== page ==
Don't get too comfortable with routine May 18, 2020

By (Middlebury College) - abroad from 09/05/2019 to 01/16/2020 with

Middlebury Schools Abroad: Middlebury in Florence

What did you gain/learn from your experience abroad? Was it worthwhile?
I learned how to be comfortable being alone. I ate a lot of meals alone, went on lots of walks by myself, and generally spent most of my time solo. I honestly didn't mind it, but I learned that if people aren't around and aren't constantly reaching out to me then I'm the kind of person who will retreat into myself and stop seeking out interaction. Now I'm more of a person who seeks out opportunity and interaction instead of waiting for it to find me because I learned in Florence that if you don't look for what you want you won't find it.

Personal Information

How much international exposure did you have prior to this program? 2 weeks - 1 month

Review Your Program

* Overall educational experience

Academic rigor, intensity, resources, etc.

* Host Country Program Administration

On-site administration of your program

* Housing:

How satisfied were you with your living arrangements?

* Food:

* Social & Cultural Integration:

How integrated did you feel with the local culture?

* Health Care:

How well were health issues addressed during the program?

* Safety:

If you could do it all over again would you choose the same program? Yes

Yes, but I would have more carefully considered my class choices, my living situation, and how I spent my time.

Finances

* Money: How easily were you able to live on a student's budget?

(1 = not very easy/$200+ on food & personal expenses/week, 2.5 = $100/week, 5 = very easily/minimal cost)

Language

* Did your program have a foreign language component? Yes
How much did the program encourage you to use the language?

0 = No encouragement, 5 = frequent encouragement to use the language

How would you rate your language skills at the beginning of the program? Intermediate
How would you rate your language skills at the end of the program? Advanced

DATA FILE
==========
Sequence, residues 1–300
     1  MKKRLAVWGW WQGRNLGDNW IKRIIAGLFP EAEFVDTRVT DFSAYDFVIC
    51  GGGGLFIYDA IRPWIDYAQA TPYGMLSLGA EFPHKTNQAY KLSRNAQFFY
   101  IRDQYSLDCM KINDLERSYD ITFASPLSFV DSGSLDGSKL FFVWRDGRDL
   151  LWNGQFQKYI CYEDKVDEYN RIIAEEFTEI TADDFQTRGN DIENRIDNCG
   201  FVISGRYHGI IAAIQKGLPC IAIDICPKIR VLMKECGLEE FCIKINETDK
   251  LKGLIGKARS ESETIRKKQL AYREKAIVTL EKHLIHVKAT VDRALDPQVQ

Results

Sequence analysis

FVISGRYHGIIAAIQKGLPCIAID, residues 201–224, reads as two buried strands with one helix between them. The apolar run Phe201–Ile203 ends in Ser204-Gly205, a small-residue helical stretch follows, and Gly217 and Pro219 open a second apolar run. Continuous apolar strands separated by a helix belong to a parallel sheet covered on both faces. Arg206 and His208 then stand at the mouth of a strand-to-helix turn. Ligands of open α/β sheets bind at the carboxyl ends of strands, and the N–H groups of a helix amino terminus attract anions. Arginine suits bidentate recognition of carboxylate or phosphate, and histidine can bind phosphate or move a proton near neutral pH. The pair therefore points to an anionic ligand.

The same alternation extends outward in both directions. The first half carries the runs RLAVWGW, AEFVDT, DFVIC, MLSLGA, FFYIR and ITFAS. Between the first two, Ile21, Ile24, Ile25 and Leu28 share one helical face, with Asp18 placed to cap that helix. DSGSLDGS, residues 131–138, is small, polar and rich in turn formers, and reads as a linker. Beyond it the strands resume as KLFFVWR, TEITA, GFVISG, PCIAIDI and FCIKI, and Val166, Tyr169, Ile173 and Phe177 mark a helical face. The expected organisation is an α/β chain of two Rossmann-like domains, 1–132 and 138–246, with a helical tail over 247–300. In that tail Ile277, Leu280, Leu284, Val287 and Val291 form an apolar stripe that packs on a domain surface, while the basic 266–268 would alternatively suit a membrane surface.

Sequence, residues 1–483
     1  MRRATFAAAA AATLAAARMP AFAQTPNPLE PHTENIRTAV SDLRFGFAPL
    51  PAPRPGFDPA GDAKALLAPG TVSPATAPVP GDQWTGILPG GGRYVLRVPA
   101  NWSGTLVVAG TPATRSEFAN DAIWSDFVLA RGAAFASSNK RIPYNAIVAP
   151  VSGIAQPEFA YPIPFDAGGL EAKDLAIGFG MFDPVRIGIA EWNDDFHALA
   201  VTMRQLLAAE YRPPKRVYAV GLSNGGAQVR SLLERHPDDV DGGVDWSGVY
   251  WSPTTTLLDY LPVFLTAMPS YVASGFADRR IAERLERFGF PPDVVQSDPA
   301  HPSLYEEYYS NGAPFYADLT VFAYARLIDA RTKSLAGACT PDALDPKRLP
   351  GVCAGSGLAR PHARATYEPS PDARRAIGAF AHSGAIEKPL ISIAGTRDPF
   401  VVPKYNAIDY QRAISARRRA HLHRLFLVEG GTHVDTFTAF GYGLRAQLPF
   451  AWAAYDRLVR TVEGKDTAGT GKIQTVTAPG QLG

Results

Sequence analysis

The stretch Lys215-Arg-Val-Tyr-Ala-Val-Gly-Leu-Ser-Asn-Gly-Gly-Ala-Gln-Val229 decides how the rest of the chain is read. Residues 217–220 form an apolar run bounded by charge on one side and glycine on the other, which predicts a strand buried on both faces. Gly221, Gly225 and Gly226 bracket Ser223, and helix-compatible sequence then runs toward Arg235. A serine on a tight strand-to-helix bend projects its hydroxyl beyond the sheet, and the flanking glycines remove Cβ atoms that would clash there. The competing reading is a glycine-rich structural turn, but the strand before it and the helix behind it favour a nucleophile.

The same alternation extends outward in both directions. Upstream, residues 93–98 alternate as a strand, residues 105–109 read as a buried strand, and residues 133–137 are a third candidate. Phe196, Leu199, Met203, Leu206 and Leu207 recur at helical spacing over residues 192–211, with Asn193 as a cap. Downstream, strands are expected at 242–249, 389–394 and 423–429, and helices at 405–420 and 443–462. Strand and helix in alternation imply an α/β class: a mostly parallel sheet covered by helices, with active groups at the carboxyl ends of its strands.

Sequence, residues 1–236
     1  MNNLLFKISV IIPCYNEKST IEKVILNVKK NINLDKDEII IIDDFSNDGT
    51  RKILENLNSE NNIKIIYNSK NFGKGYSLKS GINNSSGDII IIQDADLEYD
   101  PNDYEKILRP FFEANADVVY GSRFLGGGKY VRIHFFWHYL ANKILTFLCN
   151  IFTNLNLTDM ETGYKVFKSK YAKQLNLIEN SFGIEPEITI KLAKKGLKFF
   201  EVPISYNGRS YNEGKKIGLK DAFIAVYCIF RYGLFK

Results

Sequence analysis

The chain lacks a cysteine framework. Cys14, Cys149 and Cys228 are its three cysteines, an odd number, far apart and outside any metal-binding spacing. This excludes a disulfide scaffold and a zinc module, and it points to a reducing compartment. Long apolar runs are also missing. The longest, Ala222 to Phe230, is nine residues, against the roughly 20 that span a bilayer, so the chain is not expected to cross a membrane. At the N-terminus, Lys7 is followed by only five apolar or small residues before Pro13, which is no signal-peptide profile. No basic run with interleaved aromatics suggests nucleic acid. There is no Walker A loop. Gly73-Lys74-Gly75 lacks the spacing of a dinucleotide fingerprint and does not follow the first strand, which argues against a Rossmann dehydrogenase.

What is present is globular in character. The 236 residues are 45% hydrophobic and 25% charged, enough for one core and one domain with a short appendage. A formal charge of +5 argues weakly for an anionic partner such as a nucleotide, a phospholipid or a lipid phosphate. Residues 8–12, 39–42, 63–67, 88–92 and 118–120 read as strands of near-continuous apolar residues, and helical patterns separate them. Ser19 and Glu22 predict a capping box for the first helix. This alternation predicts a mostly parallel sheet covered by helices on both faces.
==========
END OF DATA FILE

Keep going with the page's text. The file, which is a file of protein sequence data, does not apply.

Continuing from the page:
What was the highest level language course you had completed prior to departure? ITAL0250
How many hours per day did you use the language?
Do you have any tips/advice on the best ways to practice the language for future study abroad participants? Try to use the language outside of a classroom settings. I learned the most when I went out in Florence and made friends with Italians. Unfortunately, I noted that I probably only spoke Italian on average for 1-3 hours a day because I spent a good deal of time alone and didn't have many opportunities to use the language.

Other Program Information

* Where did you live?

Select all that apply

  • Other
* Who did you live with?

Select all that apply

  • Other
* Who did you take classes with?

Select all that apply

  • Local Students
About how many local friends did you make that you will likely keep in touch with?

A Look Back

* What did you like most about the program?
  • the people
  • the city
* What could be improved?
  • academic support
  • living options
* What do you know now that you wish you knew before going on this program? I wish that I really understood how hard it could be and that I had made more of an effort to find people to live with instead of living with two adults. They were very nice but I was often lonely and felt uncomfortable for a long time because I was living in someone else's established home and felt very confined to my bedroom. I also wish I had made an effort at the beginning to explore and meet more people instead of settling into a routine. It's really easy to get lazy about your experience and not make the effort to use the language, explore the city, meet new people, even spend time with people in the program. Our program group was really great but also we were all kind of reserved and didn't make much of an effort to socialize. I wish we had been more open and tried more things.

Reasons For Studying Abroad

To help future students find programs attended by like-minded individuals, please choose the profile that most closely represents you.
The Outright Urbanite
A social butterfly, you're happiest in bustling cities with hip people, and took advantage of all it had to offer. You enjoyed the nightlife, and had fun going out dancing, and socializing with friends. Fun-loving and dressed to the nines, you enjoyed discovering new restaurants, shops, cafes, and bars in your host country.

Individual Course Reviews

Course Name/Rating:

Psicologia dello Sviluppo